“I think one of the biggest lessons I learned is with our EDs when we were developing the course set for that minimum standard,” Fowler says. “A lot of them are caring for a subset of children in a predominantly adult space. So we recognize that this isn’t their only education; it's not just kids. How can we make sure they have exactly what they need in the event that a child would come into their space for a particular scenario, without teaching them everything they could ever want to know? Just finding that balance, is an ongoing lesson.” 

Just as the needs of individual units are different, so are the needs of individual learners. WakeMed’s NICU onboarding program consists of two tracks, low acuity, and high acuity. The low acuity class is required for all new graduates entering the nurse residency program. Six months after completing that, they move on to the high acuity class to build on those foundational skills. Nurses transferring from other organizations, however, may have the skills in place to skip the low acuity class, or both altogether, so the programs are optional for those clinicians.

Community needs also come into play when standardizing education and procedures. For state-specific systems like Memorial Hermann, Harris says they are able to rely on local organizations like the Southeast Texas Regional Advisory Council to help them stay on track for care status and awareness of issues facing the populations they treat. 

“We can have overlying problems we need to address that I can't see at the local level, but when I'm looking at my state agency, they can help us identify things such neonatal mortality and maternal mortality. Things where we could make a difference and see if there needs to be a little bit more education that topic.”

Larger systems like Mercy, however, have far more community-specific issues and regulations to follow, so Fowler says they try to focus on national-level EBP knowledge from organizations such as the National Association of Neonatal Nurses (NANN) and the American Academy of Pediatrics (AAP) to guide their policies and standards. However, state laws on topics such as maternal and newborn drug screening can create challenges.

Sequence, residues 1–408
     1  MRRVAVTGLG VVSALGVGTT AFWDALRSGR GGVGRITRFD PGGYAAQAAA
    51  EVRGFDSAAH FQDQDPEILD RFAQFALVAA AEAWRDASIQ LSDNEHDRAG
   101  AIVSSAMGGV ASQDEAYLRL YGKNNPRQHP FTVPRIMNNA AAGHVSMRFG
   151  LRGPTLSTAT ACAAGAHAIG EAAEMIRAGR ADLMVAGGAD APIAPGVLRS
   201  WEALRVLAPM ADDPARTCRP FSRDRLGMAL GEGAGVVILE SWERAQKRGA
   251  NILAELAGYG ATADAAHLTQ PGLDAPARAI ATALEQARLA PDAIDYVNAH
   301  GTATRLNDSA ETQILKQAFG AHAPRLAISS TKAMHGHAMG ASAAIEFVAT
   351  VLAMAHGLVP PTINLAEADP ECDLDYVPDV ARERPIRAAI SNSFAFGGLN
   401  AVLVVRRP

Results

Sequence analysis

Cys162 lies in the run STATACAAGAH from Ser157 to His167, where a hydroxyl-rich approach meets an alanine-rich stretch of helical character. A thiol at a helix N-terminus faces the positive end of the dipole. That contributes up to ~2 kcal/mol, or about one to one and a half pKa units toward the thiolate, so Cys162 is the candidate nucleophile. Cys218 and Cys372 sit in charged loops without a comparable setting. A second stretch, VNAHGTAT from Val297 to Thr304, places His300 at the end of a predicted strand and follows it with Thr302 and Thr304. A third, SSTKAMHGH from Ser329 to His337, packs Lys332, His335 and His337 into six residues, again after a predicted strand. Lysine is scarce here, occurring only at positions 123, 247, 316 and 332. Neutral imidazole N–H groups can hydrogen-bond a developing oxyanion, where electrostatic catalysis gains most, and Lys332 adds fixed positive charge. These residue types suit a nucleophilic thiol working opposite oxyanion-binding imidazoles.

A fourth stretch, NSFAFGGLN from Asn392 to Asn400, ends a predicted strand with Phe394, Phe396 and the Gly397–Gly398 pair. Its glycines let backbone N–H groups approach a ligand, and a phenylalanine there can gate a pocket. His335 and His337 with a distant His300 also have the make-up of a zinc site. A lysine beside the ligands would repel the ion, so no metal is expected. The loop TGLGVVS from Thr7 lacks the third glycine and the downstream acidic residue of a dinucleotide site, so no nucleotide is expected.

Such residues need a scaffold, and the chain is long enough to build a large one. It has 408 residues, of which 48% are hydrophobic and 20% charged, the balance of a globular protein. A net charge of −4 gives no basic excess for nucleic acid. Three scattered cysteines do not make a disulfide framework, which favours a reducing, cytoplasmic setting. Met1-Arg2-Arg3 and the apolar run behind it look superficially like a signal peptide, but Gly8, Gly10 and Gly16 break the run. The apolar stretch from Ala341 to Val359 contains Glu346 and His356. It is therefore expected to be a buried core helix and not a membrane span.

“It's taken us months and months to try and develop one policy and standard around that, taking into account all of the state laws,” Fowler says. “Before bringing the topic to the education team, we had legal counsel weigh in so the nuances by state were already clearly defined.” 

Phased, Hybrid Education

Once all key staff are in the loop and individual needs have been accounted for, all three systems have implemented variations of phased education curricula combining in person and online, self-paced learning. 

WakeMed has broken the low and high acuity classes into several curricula by complexity and topic, using Pediatric Learning Solutions (PLS) courses to support in-person learning. Each group of courses assigned is due the day before an in-person class in which the facilitators answer any questions, have further discussions, and complete hands-on activities and simulations.

“We broke the courses down into a system that would coincide with how they would learn on the floor so that it would be a process that would seem comprehensive and cohesive,” Sutphin says. 

Mercy and Memorial Hermann also use PLS courses as “pre-work” for group learning, some in-person and some via Zoom due to the COVID-19 pandemic. Harris says this combination of online and in-person learning has been valuable not only for onboarding and continuing education, but for staff members needing a learning plan to improve their knowledge, skills, and performance. 

“We'll do a learning plan and we'll supplement with the PLS modules, then have them do a care plan or walk-through exercises with their clinical coaches to help to get them where they need to be so that we can retain them,” Harris says.

After implementing online courses, all three systems shared improvements in the time and money spent educating staff as well as the improvements to learning in general. The combination of these organizations’ efforts to communicate clearly across locations, evaluate organization and individual-specific needs, and implement a layered education plan have helped them achieve this. 

“They come prepared and ready to discuss the topics and then move right into the skills portion of it,” Hosford says. “We've been able to cut the in-person days in half from what they were. Now we do four-hour days. I definitely think their knowledge retention and attention to the actual subjects is so much greater because they can pace themselves.”